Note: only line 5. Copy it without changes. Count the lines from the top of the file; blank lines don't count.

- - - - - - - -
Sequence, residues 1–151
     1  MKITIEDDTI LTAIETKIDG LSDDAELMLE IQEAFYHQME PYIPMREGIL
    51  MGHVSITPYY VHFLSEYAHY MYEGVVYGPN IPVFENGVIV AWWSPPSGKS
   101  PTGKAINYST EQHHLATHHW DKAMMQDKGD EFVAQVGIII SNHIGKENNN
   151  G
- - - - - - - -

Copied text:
   151  G